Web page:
A searching, technical examination of the arrival of a kind of economy in which much of what is produced is abstract, symbolic, and speculative.
The economies of old, write London-based economists Haskel and Westlake, were founded on things that were actually manufactured and grown. Even if “the idea that the economy might come to depend on things that were immaterial was an old one,” the actual fact of such an economy has eluded precise description. For example, we lack the ability to measure certain aspects of a company such as Microsoft, whose market value a decade ago was $250 billion, but its physical basis—the value of its properties and equipment—was only about 1 percent of that. The “shift to intangible investment” has widespread consequences: it plays out in long-term inequality, infrastructure development, taxation, and other areas. It furthers what the authors call “secular stagnation” by allowing scalable firms to emerge that engulf and overpower competitors, as opposed to enhancing an economy based on the “spillover effects” of a high tide that raises all boats. The authors examine some interesting sociological points along the way—for one, that supporters of Brexit and other populist movements “score low on tests for the psychological trait of openness to experience,” such openness being key to symbolic analysis of the sort that advanced, intangible economies rely on. However, for the most part, their argument is based on hard economic data and trends, such as companies’ buying back stock in order to become private again, which allows them to operate without the same transparency required of public operations. In a closed economy, investing becomes more challenging, as does corporate financing; the authors examine trends in that direction as well.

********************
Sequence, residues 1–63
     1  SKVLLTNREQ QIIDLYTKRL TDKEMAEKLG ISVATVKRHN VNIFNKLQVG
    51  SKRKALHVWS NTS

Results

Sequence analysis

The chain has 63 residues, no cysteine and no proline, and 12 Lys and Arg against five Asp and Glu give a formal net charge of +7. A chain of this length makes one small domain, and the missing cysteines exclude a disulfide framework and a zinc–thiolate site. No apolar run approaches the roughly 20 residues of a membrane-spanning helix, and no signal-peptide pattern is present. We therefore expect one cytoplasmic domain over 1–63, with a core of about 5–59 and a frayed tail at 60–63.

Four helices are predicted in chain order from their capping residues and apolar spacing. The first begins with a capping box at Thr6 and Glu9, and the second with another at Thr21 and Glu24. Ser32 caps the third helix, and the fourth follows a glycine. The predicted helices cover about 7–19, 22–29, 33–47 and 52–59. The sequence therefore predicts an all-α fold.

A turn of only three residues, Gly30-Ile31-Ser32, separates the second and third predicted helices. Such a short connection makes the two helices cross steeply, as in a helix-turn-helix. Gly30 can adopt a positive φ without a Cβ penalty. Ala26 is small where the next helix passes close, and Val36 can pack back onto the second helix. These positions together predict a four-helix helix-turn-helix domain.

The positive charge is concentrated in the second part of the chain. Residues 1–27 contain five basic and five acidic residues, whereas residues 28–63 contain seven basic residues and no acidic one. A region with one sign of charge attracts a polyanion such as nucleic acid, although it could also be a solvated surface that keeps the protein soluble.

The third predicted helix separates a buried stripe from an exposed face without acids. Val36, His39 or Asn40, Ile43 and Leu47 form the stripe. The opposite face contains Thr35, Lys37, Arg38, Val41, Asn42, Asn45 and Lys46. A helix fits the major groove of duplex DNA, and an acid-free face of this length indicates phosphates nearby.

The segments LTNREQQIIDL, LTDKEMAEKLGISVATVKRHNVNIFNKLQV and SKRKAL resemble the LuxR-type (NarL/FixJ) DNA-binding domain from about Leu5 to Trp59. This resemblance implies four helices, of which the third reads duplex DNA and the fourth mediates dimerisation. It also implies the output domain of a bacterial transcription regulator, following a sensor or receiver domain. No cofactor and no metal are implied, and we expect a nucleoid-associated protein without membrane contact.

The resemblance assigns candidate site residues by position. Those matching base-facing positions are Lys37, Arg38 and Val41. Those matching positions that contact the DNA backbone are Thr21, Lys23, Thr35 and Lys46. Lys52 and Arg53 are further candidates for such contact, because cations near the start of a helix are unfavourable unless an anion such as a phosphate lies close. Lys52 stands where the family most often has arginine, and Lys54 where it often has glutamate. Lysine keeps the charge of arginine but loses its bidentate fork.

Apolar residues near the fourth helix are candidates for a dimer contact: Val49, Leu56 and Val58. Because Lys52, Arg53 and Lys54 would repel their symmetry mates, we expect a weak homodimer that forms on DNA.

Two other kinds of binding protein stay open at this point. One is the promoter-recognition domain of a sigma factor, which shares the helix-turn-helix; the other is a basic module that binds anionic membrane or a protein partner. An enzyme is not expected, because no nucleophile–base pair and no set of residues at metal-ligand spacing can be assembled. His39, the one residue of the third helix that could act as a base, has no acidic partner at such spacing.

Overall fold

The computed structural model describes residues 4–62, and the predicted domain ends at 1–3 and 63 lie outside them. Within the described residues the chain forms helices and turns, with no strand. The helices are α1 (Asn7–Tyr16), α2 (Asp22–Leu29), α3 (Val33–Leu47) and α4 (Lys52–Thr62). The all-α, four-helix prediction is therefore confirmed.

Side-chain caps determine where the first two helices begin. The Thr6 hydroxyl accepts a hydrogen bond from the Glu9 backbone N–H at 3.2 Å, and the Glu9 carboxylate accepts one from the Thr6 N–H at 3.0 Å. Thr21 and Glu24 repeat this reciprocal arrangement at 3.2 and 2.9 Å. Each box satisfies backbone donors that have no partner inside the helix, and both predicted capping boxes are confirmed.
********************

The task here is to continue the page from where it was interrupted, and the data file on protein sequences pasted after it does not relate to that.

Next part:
An economics degree isn’t required to follow the authors’ nuanced argument, but it would surely help. Recommended reading for venture capitalists and investment counselors.